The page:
I came across two separate items in the past 24 hours and I put them together to make a trend. (!) First, there's a new movie coming soon called "The Joneses" in which a faux family moves into an upscale neighborhood and is so cool that everyone wants to be like them -- which means having all the cool brands and new toys that they have. Of course they don't just happen to have these items, but in reality they are selling them and constantly evaluating how their actions are affecting their market share. Their neighbors see them as models and seek to imitate them, as in social learning. The trailer to The Joneses appears above -- and yes, I am delighted to hear David Duchovny say "I'm Steve Jones."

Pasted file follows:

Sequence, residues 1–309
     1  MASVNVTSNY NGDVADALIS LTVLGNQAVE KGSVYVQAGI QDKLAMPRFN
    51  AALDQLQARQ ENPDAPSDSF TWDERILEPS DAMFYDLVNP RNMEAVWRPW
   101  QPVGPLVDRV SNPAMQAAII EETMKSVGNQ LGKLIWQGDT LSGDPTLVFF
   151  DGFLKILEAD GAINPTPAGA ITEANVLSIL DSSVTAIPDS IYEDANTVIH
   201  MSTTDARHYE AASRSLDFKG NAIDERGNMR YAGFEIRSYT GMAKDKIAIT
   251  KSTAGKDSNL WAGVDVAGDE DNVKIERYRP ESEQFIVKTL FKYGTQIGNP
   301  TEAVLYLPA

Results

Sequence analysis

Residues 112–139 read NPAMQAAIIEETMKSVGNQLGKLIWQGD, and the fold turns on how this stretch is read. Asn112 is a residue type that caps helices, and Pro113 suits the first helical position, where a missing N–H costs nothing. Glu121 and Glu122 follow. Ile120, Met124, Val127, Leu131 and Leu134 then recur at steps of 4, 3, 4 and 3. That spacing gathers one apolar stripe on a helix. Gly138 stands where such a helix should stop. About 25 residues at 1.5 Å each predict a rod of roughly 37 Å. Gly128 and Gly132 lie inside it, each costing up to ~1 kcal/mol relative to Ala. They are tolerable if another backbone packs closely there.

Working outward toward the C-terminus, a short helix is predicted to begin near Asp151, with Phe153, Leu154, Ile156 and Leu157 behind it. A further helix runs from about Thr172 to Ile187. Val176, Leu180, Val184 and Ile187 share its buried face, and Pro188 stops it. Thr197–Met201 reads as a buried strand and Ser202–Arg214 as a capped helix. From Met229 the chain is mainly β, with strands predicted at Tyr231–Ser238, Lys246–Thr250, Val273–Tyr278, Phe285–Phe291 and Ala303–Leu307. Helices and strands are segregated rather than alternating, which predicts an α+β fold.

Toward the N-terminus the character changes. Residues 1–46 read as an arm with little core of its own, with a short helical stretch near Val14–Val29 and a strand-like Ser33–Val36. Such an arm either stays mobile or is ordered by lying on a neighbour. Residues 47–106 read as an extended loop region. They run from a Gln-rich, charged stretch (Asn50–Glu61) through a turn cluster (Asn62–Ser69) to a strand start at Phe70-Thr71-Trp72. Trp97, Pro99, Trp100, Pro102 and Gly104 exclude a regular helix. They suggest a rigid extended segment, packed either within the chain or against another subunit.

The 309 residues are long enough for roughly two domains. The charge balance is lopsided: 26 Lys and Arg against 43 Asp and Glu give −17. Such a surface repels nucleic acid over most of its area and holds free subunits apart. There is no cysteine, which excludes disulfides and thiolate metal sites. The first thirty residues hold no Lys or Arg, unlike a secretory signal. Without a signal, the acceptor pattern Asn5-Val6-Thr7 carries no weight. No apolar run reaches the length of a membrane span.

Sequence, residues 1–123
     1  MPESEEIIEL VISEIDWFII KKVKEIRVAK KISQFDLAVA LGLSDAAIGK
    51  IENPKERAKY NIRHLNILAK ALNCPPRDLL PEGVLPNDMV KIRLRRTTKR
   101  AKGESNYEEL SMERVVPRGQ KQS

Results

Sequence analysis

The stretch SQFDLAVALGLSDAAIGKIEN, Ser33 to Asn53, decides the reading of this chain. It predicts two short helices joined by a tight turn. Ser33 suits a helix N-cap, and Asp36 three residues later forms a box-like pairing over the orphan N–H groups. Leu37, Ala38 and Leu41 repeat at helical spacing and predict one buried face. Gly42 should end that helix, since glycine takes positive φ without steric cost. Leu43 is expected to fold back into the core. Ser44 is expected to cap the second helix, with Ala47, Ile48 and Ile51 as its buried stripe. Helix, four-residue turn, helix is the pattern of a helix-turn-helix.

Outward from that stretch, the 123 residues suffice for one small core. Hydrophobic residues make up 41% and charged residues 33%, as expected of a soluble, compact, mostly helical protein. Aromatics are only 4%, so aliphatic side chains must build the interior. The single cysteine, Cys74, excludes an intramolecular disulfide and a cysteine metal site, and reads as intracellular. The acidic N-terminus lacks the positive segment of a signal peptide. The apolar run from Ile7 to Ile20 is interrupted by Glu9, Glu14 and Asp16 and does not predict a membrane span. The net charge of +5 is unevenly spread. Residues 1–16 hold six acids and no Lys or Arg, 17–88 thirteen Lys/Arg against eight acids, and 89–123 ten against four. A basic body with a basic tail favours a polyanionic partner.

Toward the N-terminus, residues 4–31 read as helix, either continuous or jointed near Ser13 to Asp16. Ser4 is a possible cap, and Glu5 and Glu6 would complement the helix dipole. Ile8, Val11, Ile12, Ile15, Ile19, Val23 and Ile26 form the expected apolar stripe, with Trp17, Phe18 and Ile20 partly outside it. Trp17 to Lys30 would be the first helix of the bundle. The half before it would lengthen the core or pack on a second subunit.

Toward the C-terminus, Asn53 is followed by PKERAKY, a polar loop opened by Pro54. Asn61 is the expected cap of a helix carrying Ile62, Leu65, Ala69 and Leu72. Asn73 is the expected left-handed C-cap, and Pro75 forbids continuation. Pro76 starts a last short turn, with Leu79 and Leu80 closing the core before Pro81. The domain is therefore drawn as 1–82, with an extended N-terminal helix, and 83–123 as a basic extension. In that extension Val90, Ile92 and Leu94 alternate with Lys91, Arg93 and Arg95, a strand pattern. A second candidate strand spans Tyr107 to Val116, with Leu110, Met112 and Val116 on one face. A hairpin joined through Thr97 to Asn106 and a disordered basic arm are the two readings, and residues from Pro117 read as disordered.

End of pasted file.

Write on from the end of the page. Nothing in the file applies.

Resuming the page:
The other example was on the program Marketplace Money where host Tess Vigeland was discussing a YouTube trend called hauls -- young people (who all seem to be female, at least based on the examples) go out on a shopping spree, return home, create a video detailing their hauls and upload it for the world to see. Again, but this time in real life, some people see these young women as who they want to be and therefore want to buy the products to be like them. There are also more examples from a different NPR show earlier this month. (Is there something about NPR that hates conspicuous consumption? I'll leave that for you to decide.)
None of this is new of course (the "Be Like Mike" campaign of the '90s comes to mind as a prime example) but I wonder how long before marketers emulate "The Joneses" and co-opt the haul videos by paying young women to pimp their products. Or maybe they already do? Also, I wonder why the Marketplace Money story didn't ask the question I wanted to know the answer to: where is this money coming from to fund these hauls, and what do these girls' parents think about this?